Last month in Trade Finance Global, I offered evidence that although the demise of documentary credits has been anticipated for some time, they are still vital instruments for advancing global trade.
In this second installment of my two-part article, I endeavour to consider the documentary credit from the point of view of an exporter as well as its bank and provide some advice on how to best benefit from the effective use of documentary credits.
Documentary Credits – Exporter and its Bank Perspective
Understanding the independent nature of the documentary credit – the means of payment
The exporter – the beneficiary under the credit – needs to be fully aware that the documentary credit is legally independent of the underlying contract of sale and any other related contracts. The documentary credit stems from the underlying sales contract and is a realization of the respective payment condition. The payment obligation(s) of the obligated bank(s), however, is fully separate and autonomous from the underlying contract, something that brings several advantages. For example, the bank cannot refuse payment based on the insufficiency of the delivery of the goods or services. Unfortunately, this arrangement can also backfire. Consider a situation where the exporter delivers goods in perfect compliance with the contract but the payment does not follow or is delayed due to pedantic discrepancies in documents. Most certainly, the exporter would agree that being paid in a timely fashion is the most important aspect of their business!
Consequently, the beneficiary should fully realize that having a documentary credit issued (and possibly also confirmed) by a trustworthy bank(s) is vital. The documentary credit needs to have suitable and clear terms and conditions; thus, it also needs to be clear to the importer – the applicant for the credit – how the credit is to appear when issued. The underlying contract should include sufficient and precise instructions regarding the credit to be issued. These include, above all which bank is to issue it, by when, its validity, latest date(s) for shipment, the period for presentation, and each requested document.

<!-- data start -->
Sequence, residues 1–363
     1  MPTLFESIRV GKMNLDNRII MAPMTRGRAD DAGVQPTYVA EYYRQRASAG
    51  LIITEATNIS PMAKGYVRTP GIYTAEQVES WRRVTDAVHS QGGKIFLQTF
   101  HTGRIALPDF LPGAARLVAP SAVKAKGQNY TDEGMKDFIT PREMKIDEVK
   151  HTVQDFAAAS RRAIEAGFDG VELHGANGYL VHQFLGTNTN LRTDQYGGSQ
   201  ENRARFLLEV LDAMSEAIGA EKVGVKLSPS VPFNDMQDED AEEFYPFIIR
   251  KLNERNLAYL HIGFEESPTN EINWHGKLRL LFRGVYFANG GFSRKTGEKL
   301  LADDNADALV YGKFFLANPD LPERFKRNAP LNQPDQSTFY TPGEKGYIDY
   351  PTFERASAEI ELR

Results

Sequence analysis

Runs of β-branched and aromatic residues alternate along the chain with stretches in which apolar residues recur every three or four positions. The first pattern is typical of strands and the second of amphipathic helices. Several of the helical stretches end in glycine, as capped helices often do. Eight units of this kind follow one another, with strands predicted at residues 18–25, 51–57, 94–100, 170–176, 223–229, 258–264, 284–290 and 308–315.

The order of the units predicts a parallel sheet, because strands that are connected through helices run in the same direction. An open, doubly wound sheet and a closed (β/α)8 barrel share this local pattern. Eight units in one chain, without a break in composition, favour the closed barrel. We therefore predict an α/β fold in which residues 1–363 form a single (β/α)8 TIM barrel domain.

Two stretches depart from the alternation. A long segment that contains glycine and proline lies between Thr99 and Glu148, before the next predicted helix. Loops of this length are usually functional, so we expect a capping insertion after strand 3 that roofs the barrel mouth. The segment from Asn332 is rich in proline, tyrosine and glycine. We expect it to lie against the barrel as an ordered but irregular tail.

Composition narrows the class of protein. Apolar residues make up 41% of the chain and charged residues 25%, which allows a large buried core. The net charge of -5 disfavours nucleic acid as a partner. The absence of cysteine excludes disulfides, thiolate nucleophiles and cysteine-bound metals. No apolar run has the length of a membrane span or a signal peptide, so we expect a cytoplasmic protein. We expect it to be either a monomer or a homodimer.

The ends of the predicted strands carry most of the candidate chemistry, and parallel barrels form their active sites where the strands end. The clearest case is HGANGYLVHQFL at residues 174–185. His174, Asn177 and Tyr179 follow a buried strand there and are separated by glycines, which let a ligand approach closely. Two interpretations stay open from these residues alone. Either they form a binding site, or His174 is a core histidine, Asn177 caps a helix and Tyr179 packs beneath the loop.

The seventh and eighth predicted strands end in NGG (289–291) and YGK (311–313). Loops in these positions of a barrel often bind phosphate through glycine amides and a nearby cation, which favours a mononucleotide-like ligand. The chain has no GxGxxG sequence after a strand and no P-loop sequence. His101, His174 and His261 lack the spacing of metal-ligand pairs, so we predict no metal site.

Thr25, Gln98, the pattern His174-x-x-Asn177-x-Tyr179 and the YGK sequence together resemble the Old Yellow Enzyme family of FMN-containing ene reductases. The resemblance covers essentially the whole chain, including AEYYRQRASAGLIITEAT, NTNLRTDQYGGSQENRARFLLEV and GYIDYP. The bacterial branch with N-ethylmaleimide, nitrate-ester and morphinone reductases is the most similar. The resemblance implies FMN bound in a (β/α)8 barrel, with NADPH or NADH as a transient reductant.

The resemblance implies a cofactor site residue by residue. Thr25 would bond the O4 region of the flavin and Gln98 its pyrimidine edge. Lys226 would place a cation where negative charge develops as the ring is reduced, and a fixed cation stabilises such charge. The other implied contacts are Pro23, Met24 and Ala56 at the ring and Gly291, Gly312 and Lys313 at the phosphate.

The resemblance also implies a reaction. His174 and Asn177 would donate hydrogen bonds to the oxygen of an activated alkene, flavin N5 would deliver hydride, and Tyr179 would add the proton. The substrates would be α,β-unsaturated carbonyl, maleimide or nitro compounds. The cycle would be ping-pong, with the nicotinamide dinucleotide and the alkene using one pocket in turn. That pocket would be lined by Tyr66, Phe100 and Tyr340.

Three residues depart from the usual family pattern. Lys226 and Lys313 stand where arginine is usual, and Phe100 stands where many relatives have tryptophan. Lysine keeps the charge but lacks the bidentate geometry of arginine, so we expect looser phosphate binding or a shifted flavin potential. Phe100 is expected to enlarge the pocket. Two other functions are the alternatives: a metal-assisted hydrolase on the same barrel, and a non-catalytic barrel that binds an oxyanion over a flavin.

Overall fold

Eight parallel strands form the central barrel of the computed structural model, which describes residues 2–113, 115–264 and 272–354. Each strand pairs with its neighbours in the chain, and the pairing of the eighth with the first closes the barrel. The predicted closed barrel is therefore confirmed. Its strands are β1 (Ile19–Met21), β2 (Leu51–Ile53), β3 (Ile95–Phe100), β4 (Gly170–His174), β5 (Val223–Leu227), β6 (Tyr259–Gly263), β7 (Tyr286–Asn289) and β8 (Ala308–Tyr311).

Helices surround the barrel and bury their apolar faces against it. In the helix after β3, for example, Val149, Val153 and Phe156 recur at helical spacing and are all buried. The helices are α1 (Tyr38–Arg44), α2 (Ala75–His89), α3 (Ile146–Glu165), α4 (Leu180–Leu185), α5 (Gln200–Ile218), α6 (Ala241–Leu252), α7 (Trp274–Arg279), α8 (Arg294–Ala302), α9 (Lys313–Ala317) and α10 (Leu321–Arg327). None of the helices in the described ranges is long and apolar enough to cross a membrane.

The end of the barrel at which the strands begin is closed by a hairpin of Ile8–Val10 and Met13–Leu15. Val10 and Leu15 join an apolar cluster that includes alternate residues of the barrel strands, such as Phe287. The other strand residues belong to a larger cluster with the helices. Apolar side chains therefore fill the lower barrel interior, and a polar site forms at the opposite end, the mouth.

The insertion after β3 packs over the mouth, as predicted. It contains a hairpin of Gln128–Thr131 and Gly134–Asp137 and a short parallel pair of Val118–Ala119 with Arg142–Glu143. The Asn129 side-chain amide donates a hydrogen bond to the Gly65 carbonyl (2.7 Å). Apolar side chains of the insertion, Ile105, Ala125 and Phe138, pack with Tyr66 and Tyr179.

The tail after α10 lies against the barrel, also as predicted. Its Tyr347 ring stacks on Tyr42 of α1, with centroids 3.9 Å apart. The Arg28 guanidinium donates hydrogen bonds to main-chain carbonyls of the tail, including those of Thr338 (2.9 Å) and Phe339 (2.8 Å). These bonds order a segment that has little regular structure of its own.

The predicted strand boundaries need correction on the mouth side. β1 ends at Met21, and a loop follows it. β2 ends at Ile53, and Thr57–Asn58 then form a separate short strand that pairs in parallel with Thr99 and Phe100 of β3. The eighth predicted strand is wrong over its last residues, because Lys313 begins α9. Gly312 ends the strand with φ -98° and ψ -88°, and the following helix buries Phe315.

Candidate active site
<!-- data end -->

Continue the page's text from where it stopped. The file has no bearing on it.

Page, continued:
Interestingly, many disputes related to documentary credits centre around whether the credit accurately reflects the contents of the contract or not. This indicates that the terms and conditions of the credit are often not well specified in the contract, or are even clearly conflicting, incorrect, or open to interpretation!
From the beneficiary´s perspective, the documentary credit should be unambiguous, concise, and require the presentation of only a few critical documents to evidence fulfilment of the exporter´s delivery obligation. These should be, in most cases, a commercial invoice, transport document, and certificate of origin, with perhaps also an insurance document, and an inspection (quality) certificate or another certificate depending on the type of commodity sold.
Correct and clear terms and conditions of the documentary credit – a prerequisite for success
The exporter should carefully consider the terms and conditions of the documentary credit when negotiating the contract of sale. It is highly advisable for exporters to consult relevant matters with the parties that are expected to issue the required documents, such as carriers (or their agents, freight forwarders), insurance and inspection companies, and, most importantly, its bankers.
Adequate care and attention prior to issuance are key to success in documentary credit transactions. Unless the documentary credit is workable, with viable conditions, it is unlikely to function as intended for the beneficiary!
To consult with various third parties whose documents the beneficiary would need to present under credit is also important after the credit is issued and advised. If the credit includes non-standard, unclear conditions, the beneficiary needs to attain clarity and possibly get an amendment to the credit.